How Social Media Saved the World

It cannot be understated that we are living through a history-making difficult time. Hundreds of thousands of people are falling victim to a global pandemic and everyone is else either staying home or acting brazenly stupid. It shouldn't be surprising, though, that one of the upshots of all of this is that there has been a rise in meme-making.

First defined by Richard Dawkins in 1976 as a cultural idea that takes on a life of its own and is passed down through generations much the same way that genes are, the word "meme" has itself taken on a life of its own to define pictures made and passed around on the Internet that often lampoon various aspects of life. I don't think I've seen any new memes in the past few days that weren't about the COVID-19 epidemic. But this isn't the first time a global catastrophe has been made fun of in what could be described as a "childish" fashion. In fact, one of the memes I've seen compared the uptick in Cor…

The Triad

A long time ago, in a state far, far away, I had a vision of myself with a nice jacket, Converse shoes and a messenger bag filled with all kinds of goodies, but especially a super-powered, uber-awesome laptop. Ever since I had this vision, it had been the personal image to which I strove. I got the shoes, I got the jacket, I got the messenger bag, but one thing had always eluded me: the super-powered, uber-awesome laptop.

For about half a year, I had a laptop that I called my own, but was technically owned by the college I attended. Due to a series of unfortunate events, I was forced to leave this school after only a semester and with that went my laptop privileges. I held on to it for the summer, but always with the grim expectation and knowledge that I had to return it come August. (Which sucked even more, August being my birth month.) Thus ended my fleeting romance with the machine that got away.

I've always been a sucker for technology. I always wanted the best computer, and, if I (or my dad) could afford it, I got the pieces to the best computer. Yes, the pieces. Because I built up my own desktop computer, and replacing the pieces was easier and cheaper than getting a whole new one. But it never quite satisfied. What if I wanted to hang out and write at a Starbucks? I can't very well lug my monitor and my tower all the way down and take a half hour to set everything up in the corner. They'd likely boot me out. So I was stuck at home. At my desk. Wondering if it was possible for me to get a less comfortable chair. Or a faster processor.

Time passes, tech changes. I got an iPhone. The iPad comes out. The world is less than amazed. I saw the potential. Having wanted my whole life to be able to carry the internet with me, the iPhone came close, but it just wasn't the full experience. The iPad, however, was too expensive. Then Google announces the Chrome OS pilot program. Free laptop?? YES PLEASE! I signed up...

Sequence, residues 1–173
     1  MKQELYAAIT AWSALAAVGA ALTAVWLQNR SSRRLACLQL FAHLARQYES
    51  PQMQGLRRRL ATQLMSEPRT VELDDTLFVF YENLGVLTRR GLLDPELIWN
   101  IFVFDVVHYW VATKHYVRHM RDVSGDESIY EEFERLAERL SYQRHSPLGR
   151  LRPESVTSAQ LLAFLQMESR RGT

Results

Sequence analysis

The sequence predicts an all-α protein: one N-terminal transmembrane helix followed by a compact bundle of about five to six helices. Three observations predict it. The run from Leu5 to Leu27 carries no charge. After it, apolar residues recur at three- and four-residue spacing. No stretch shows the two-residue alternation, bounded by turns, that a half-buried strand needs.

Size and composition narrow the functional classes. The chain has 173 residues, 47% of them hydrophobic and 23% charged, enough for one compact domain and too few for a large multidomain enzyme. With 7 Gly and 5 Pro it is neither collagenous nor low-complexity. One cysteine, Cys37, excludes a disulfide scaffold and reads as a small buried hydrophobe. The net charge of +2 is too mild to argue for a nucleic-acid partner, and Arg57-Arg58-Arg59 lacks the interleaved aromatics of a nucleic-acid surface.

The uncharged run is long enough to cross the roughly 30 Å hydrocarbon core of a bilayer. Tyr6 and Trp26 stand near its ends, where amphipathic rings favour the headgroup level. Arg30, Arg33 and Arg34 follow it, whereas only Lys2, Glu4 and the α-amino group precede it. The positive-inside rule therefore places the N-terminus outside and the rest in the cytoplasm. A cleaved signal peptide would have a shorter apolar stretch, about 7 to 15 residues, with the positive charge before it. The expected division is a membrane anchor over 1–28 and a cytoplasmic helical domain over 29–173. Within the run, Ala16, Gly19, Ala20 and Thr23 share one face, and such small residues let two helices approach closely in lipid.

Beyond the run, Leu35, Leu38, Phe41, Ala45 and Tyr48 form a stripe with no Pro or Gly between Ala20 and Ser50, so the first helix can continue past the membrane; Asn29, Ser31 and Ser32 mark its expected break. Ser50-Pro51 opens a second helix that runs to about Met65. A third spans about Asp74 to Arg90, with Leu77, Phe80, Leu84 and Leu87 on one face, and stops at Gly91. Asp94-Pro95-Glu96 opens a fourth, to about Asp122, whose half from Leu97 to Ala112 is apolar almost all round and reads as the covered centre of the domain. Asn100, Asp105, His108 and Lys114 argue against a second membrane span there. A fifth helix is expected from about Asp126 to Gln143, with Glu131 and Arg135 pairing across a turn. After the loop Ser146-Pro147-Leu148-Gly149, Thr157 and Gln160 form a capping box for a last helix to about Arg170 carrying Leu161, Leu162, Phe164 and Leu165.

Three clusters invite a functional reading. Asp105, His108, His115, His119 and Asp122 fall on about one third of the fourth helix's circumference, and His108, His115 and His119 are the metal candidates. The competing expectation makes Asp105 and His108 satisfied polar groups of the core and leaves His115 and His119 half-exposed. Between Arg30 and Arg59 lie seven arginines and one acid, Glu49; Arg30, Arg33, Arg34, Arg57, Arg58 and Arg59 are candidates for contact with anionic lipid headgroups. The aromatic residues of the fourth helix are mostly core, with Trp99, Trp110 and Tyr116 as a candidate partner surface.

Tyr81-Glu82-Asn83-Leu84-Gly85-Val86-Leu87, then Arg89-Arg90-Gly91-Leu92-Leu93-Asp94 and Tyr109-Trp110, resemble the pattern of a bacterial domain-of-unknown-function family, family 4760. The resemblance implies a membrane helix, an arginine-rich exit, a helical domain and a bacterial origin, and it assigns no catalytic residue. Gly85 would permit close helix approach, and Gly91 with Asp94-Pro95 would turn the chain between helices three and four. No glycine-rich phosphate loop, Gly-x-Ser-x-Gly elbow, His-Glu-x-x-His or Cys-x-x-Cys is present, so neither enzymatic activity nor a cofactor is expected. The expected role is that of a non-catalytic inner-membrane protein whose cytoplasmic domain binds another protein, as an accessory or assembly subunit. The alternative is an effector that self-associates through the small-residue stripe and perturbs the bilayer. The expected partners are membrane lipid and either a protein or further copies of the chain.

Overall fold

Months pass and I figure Google probably looked me over. Then my dad gets a brand new computer and decides to pass his old laptop down to me. Now, this might not seem like a great idea right off, but you have to understand: I get my tech-lust from dad. When he got this laptop, he spared no expense. It has an excellent sound system, a huge display, 3GB of memory, Intel Dual-Core 2Ghz processor (which, I mean, for the time was great...) All-in-all it totally holds up to today's standards. I can even run World of Warcraft and see the hills of Mulgore from deep in the Barrens. This is it. This is my new laptop. This is what will complete the image I had so long ago.

Then I'm awoken by a knock on the door. Expecting the delivery of a laptop, I jump awake to find a laptop-sized box just outside. I open it... and it's a Google CR-48 Chrome OS notebook.

Info on the Chrome OS notebook: Chrome OS is... just that. Google Chrome as an operating system. It's JUST the browser. Which means if you want to run any kind of application that doesn't run from the Internet... you can't. So it's great for Twitter, Facebook, Gmail, pretty much every Google product and hordes of new web apps that are popping up every day... But I can't run WoW, I can't run FinalDraft, I can't run any of the familiar applications that work so well in Windows.

I open up the notebook and it's everything I imagined. It's the Internet that I can carry with me. The full Internet. I flip the lid and it takes mere seconds to load... everything. This is the perfect tool for a quick reference or a bit of a break from the real world. And then my dad's laptop is delivered a couple days later. It's everything I imagined. It's a fully-loaded computer that I can carry with me. A bit heavier, thicker and... huger, but a lot more powerful. Able to run intensive apps in a single bound. This is Superlappy.

At some point it struck me: I now have three levels of mobility. I have my iPhone 4: great for staying up to date and doing a quick check of certain apps (also has some pretty cool games). I have my Chrome OS CR-48: The complete Internet in a quick and easy, light and breezy machine. And I have my beefy Toshiba laptop, the powerhouse of the bunch that I can still take with me to Starbucks. Takes longer to boot, but once it does, LOOK OUT.

(For you WoW mages out there, that's iPhone = Arcane, CR-48 = Frost, Toshiba = Fire.)

Each of my machines are perfectly suited to their tasks and I wouldn't have it any other way. And guess what I just found out. Ya know that messenger bag I got ages ago for my future laptop? Well, the main pouch fits the Toshiba perfectly, as I expected. I was going to put the CR-48 in with it, but I did a bit of searching and GUESS WHAT! There's a secondary, exterior pouch that fits the CR-48 like a glove!

The image is complete. The triad is born.